‘Being gay in China is not a bad thing’
In a Shanghai hotel conference room filled with some 200 young men and women, all fall silent as small woman in her early sixties tells the story of how her son came out to her.
Dressed in a simple white top and blue jeans, Wu Youjian radiates a spirit and energy that makes her seem much younger than her age.
Known as Wu Mama (Mother Wu) in China's gay and lesbian community, Wu Youjian is the first speaker at the 2010 ShanghaiPRIDE gathring to deliver a message that she believes all Chinese parents should hear: "Accept and love your children as they are."
This is an often difficult task in China, where homosexuality is rarely accepted and many choose to hide a part of their lives rather than face the social consquences of coming out.
Wu Youjian's path
I encourage the 'children' to live their lives open in the sun and be their true selves. Boys or girls, gay or straight, to me they are all my children and I will support them.— Wu Youjian, "Mother of Gays in China"
Having already read a number of books about homosexuality, including “Homosexuality in China,” by Fang Gang, and “Subculture of Homosexuality,” by Li Yinghe, Wu says she didn't think it was a big deal when her son, Zheng Yuantao, came out to her in 1999.
Soon after telling his mother, Zheng announced he was gay during a television interview in 2004.
Wu appeared on the show as “mother of a gay son." Her appearance quickly unleashed a torrent of debate about what parents should do with their gay children, a discussion still going on today.
For the past five years, the 63-year-old retired magazine editor has been tirelessly writing a daily blog, replying to emails from parents, answering a telephone hotline and traveling around the country, organizing PFLAG meetings.
Wu Youjian: Saving face vs. saving family
In an interview after her talk at ShanghaiPRIDE, Wu points out that social pressure is the biggest obstacle between Chinese parents and acceptance of their gay children.
“They are afraid to talk about it with anyone, causing them a lot of pain,” says Wu. “That's all because they haven't thought it through.”
Wu says some parents take comfort and hope in her story, while others respond to her words -- and their children -- with stubborn resentment.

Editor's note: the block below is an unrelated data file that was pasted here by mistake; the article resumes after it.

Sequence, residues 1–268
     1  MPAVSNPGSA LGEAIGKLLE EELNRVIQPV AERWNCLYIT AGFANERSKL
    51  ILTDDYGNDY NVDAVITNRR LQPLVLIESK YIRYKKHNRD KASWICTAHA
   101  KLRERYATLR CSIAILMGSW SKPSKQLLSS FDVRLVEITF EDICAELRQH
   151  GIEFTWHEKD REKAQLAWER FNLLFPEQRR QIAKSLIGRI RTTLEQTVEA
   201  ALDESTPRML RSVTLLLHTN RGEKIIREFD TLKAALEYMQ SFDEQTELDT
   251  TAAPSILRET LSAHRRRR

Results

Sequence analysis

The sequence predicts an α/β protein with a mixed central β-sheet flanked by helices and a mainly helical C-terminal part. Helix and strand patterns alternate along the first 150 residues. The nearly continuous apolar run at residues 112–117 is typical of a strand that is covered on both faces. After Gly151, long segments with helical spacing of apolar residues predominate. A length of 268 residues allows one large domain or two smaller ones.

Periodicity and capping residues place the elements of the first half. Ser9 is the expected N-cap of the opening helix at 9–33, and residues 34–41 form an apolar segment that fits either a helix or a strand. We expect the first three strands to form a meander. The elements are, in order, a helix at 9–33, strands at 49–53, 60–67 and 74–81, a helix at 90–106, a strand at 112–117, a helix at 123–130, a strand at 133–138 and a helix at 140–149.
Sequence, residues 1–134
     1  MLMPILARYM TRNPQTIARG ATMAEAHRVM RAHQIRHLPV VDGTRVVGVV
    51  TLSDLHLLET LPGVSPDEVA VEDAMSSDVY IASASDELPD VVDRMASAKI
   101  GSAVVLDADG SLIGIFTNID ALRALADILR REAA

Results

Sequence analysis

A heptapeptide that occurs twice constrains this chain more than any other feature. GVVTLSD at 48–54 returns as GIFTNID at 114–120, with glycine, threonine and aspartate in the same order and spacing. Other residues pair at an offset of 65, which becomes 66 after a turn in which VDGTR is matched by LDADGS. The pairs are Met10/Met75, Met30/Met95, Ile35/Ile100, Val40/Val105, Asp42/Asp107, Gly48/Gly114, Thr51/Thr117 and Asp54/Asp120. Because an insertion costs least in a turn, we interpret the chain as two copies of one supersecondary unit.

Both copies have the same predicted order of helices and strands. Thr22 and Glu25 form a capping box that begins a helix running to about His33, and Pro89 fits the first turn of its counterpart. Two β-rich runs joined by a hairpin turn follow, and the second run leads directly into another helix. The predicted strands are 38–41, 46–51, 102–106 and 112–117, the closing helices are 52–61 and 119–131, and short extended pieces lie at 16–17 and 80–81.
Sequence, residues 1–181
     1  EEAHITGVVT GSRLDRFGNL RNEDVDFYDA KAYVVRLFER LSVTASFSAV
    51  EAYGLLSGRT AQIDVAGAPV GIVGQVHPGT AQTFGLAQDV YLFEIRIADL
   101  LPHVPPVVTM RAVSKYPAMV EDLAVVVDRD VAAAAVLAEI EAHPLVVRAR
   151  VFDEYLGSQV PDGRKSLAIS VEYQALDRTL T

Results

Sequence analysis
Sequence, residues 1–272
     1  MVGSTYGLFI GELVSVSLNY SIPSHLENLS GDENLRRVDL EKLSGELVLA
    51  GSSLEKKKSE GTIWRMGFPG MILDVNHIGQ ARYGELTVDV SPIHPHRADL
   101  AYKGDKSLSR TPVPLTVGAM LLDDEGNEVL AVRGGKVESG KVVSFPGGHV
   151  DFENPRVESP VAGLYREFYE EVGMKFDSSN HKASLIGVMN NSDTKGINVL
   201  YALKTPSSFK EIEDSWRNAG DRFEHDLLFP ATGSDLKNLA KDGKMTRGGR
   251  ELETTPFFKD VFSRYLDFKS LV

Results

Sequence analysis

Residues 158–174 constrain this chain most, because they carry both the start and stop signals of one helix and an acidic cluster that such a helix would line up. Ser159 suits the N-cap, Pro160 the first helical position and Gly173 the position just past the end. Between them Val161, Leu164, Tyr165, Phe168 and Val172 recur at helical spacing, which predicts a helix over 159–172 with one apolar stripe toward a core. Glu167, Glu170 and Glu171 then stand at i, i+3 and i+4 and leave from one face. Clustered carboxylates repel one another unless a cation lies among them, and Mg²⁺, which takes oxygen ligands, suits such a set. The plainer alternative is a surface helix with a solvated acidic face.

“What upsets me the most is when parents say that they think their children should sacrifice and change their sexual orientation to save the 'face' of the family,” says Wu. “I ask them, 'Is your face more important than your child's happiness?'”
For many parents in China today, the answer is still, "yes." This is one of the reaons Wu decided to attend ShanghaiPRIDE.
“I have no big goals.”
With a full schedule of blogging, emails, phone calls, meetings and lectures, Wu barely has time for morning exercises in the park. When asked what drives her, she points to a sense of social responsibility.
What upsets me the most is when parents say that they think their children should sacrifice and change their sexual orientation to save the 'face' of the family.— Wu Youjian, "Mother of Gays in China"
“My son felt he had a responsibility to tell the public who he is,” she says, smiling as she remembers the moment. “I have even more of a social responsibility to do something [to support him].”
Although called one of China's most prominent “gay rights activist” by the media, Wu says that she has no "big goals," at least not yet.
“We are not at the stage of tackling gay rights in China yet,” Wu says. “But I am doing what I can do to help people and families now.”
Wu believes her work makes her life busier, fuller and happier than it might otherise have been.
"That's why so many people call me 'mama,'" she says. "With my work, I can act as a mother to so many people."
Love with no strings attached
Wu says she has four pieces of advice for all Chinese parents:
“Having a gay child is not a bad thing; having a gay child not an ugly thing; having a gay child not wrong; and having a gay child really is nothing if you treat it that way.”
“With the change in attitude of the mainstream media and more knowledge about homosexuality, parents can learn to look at things from different perspectives and accept their children,” Wu continues.
“I encourage the children to live their lives open in the sun and be their true selves,” she says. “Boys or girls, gay or straight, to me they are all my children and I will support them”
“We believe Wu Mama has an important message that every Chinese parent out there should hear -- love and accept your gay children as they are, with no strings attached,” Kenneth Tan, organizer of 2010 ShanghaiPride. “That's why we invited her here to speak.”
Those seeking Wu Youjian’s advice (parent or child) can call her hotline at +86 20 3761 1068